Clark County’s case rate (547 per 100,000 over the past 30 days) and test positivity rate (8.0%) are flagged in data reported today. Testing (332 tests per day per 100,000) is within the state’s acceptable range.


The state’s health department reports 3,876,906 doses of the COVID-19 vaccine have been administered in Nevada, as of Dec. 21.

As of today, 53.99% of Nevadans currently eligible for the vaccine are fully vaccinated, and 63.60% of the eligible population has initiated vaccinations. Clark County reports that 53.27% of its eligible residents are fully vaccinated.


NOTE: The state is not updating hospitalization data on weekends or holidays.

According to the state’s Department of Health and Human Services (DHHS), the number of hospitalized patients in Nevada was down since the previous day.

The current number of hospitalizations is 674 confirmed/suspected cases. Hospitals reported 147 of those patients were in intensive care units, and 100 were on ventilators. To give some perspective, the state set a record high for hospitalized patients on Dec. 13 with 2,025 cases.

The Nevada Hospital Association’s weekly update notes that Clark County’s hospitalizations continue to rise. It’s the only county in Nevada that is currently seeing increased COVID-19 patient loads.

And while the delta variant is the dominant variant among hospitalized patients throughout the state, NHA notes the arrival of the omicron variant. The total number of omicron cases in Nevada has grown to six, with three in Clark County.


The number of people who have recovered from the virus in Southern Nevada continues to increase. The latest county update estimates a total of 337,139 recovered cases; that’s 94.7% of all reported cases in the county, according to SNHD’s latest report.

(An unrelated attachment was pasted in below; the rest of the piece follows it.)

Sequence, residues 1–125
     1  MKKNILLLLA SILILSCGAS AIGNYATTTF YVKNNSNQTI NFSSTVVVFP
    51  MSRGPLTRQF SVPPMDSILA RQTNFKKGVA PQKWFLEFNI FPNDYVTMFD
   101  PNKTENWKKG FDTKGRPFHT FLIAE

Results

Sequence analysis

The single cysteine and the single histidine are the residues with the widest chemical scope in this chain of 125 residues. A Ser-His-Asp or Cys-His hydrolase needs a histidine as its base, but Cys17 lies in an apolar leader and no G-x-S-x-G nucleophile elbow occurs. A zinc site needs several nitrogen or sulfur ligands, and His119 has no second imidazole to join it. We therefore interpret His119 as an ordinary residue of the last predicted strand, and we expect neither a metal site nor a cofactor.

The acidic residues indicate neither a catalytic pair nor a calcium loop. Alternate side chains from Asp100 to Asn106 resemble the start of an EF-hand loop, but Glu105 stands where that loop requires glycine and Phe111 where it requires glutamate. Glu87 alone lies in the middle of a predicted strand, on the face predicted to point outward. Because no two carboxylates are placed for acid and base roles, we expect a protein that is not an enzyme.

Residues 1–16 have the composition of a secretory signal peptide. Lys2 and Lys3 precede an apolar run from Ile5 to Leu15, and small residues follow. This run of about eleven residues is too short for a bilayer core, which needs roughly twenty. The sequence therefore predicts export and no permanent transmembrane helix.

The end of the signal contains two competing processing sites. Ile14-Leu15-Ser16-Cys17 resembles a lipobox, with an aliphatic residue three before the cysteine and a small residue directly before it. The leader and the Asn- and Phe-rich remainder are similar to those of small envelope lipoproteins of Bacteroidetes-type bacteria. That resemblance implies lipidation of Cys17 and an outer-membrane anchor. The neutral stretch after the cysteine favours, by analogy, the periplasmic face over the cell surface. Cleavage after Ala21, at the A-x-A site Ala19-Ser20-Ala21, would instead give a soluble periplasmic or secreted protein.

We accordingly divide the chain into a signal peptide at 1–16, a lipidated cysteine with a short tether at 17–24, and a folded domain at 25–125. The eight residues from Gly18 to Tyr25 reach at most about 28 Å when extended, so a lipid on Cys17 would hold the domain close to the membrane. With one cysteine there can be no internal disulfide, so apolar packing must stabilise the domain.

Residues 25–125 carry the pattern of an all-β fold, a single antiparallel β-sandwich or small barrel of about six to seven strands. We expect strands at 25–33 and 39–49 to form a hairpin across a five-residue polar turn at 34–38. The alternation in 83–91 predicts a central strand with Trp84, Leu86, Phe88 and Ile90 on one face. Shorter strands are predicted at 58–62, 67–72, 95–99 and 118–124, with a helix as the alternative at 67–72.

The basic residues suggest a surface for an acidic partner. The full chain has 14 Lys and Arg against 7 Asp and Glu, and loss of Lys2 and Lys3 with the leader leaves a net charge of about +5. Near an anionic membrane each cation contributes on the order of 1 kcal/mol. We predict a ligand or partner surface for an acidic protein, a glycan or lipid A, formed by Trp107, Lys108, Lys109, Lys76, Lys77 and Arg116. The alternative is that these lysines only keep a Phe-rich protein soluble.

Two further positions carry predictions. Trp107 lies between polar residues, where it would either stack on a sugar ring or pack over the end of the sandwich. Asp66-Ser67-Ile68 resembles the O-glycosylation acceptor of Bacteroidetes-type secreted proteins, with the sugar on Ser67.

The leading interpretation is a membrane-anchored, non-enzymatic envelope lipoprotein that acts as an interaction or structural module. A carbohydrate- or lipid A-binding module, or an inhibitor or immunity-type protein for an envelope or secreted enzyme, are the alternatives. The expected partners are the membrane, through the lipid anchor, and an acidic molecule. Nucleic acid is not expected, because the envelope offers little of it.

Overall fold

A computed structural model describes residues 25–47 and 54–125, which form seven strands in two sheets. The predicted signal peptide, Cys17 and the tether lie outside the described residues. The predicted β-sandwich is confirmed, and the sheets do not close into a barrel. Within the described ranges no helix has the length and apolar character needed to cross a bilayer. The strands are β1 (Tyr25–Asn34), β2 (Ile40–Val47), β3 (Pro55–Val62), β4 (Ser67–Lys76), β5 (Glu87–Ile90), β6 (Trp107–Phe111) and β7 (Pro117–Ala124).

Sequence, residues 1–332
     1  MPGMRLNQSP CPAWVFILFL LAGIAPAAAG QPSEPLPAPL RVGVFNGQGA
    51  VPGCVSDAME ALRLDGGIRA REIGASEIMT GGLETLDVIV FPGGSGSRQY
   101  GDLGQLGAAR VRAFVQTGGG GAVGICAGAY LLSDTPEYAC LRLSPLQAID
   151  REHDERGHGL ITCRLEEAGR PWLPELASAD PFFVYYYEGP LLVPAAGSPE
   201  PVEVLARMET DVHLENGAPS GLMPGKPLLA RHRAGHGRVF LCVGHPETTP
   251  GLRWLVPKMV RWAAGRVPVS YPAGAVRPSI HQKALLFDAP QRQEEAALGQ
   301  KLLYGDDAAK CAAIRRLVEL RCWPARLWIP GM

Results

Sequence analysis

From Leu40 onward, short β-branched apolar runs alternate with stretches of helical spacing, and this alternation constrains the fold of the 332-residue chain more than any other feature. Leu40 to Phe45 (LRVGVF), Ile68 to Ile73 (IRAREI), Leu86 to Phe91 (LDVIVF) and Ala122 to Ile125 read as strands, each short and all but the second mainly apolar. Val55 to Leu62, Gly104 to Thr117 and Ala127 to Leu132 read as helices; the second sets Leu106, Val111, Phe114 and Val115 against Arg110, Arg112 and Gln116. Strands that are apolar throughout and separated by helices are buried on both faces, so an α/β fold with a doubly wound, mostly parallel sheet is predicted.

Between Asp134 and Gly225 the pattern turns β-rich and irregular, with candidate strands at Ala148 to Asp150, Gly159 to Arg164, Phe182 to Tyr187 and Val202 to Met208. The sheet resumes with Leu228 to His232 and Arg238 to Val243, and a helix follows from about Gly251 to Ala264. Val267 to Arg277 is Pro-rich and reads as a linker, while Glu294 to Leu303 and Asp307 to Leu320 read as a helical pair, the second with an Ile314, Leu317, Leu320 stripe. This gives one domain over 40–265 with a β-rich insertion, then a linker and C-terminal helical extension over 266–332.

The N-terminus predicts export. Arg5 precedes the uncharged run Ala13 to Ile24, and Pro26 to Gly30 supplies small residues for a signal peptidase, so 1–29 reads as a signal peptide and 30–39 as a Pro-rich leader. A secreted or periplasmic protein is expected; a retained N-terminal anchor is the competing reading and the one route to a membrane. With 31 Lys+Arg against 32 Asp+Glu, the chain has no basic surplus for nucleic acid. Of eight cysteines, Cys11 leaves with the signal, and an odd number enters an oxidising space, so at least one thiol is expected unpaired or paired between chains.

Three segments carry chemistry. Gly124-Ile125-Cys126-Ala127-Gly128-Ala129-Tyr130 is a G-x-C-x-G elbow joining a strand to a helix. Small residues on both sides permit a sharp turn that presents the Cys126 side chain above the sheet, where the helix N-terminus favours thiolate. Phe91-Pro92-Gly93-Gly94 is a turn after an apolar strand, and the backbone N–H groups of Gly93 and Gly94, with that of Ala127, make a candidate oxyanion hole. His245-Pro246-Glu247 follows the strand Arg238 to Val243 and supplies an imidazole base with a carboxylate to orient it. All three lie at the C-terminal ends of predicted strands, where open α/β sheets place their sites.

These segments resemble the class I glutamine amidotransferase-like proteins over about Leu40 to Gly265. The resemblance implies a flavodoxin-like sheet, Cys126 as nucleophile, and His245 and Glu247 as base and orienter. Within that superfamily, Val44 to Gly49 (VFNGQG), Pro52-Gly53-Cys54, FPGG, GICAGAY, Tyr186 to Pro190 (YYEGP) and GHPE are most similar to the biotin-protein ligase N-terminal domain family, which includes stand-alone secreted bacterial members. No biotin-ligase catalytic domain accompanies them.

Nevada reopened to 100% capacity on June 1 and social distancing guidelines lifted, helping the state return to mostly pre-pandemic times, with some exceptions.

The CDC reversed course on July 27, saying fully vaccinated Americans in areas with “substantial and high” transmission should wear masks indoors when in public as COVID-19 cases rise. Most of Nevada falls into those two risk categories.

Nevada said it would adopt the CDC’s guidance with the new mask guideline that went into effect at 12:01 a.m. on July 30. This overrides Clark County’s employee mask mandate, which went into effect in mid-July.

On Aug. 16, Gov. Sisolak signed a new directive that allows fully vaccinated attendees at large gatherings to remove their masks, but only if the venue chooses to require everyone in attendance to provide proof of vaccination. Those who have just one shot and are not “fully vaccinated” would still be allowed to attend, as would children under 12, but both would need to wear masks.

Masks still must be worn when required by federal, state, local, tribal, or territorial laws, rules and regulations, including local businesses and workplace guidance.

State approval for vaccinating children 5-11 years old was given on Nov. 3, with plans by the Southern Nevada Health District to begin vaccinations on Nov. 10. The Pfizer vaccine is the only vaccine approved for children at this time.

SEE ALSO: Previous day’s report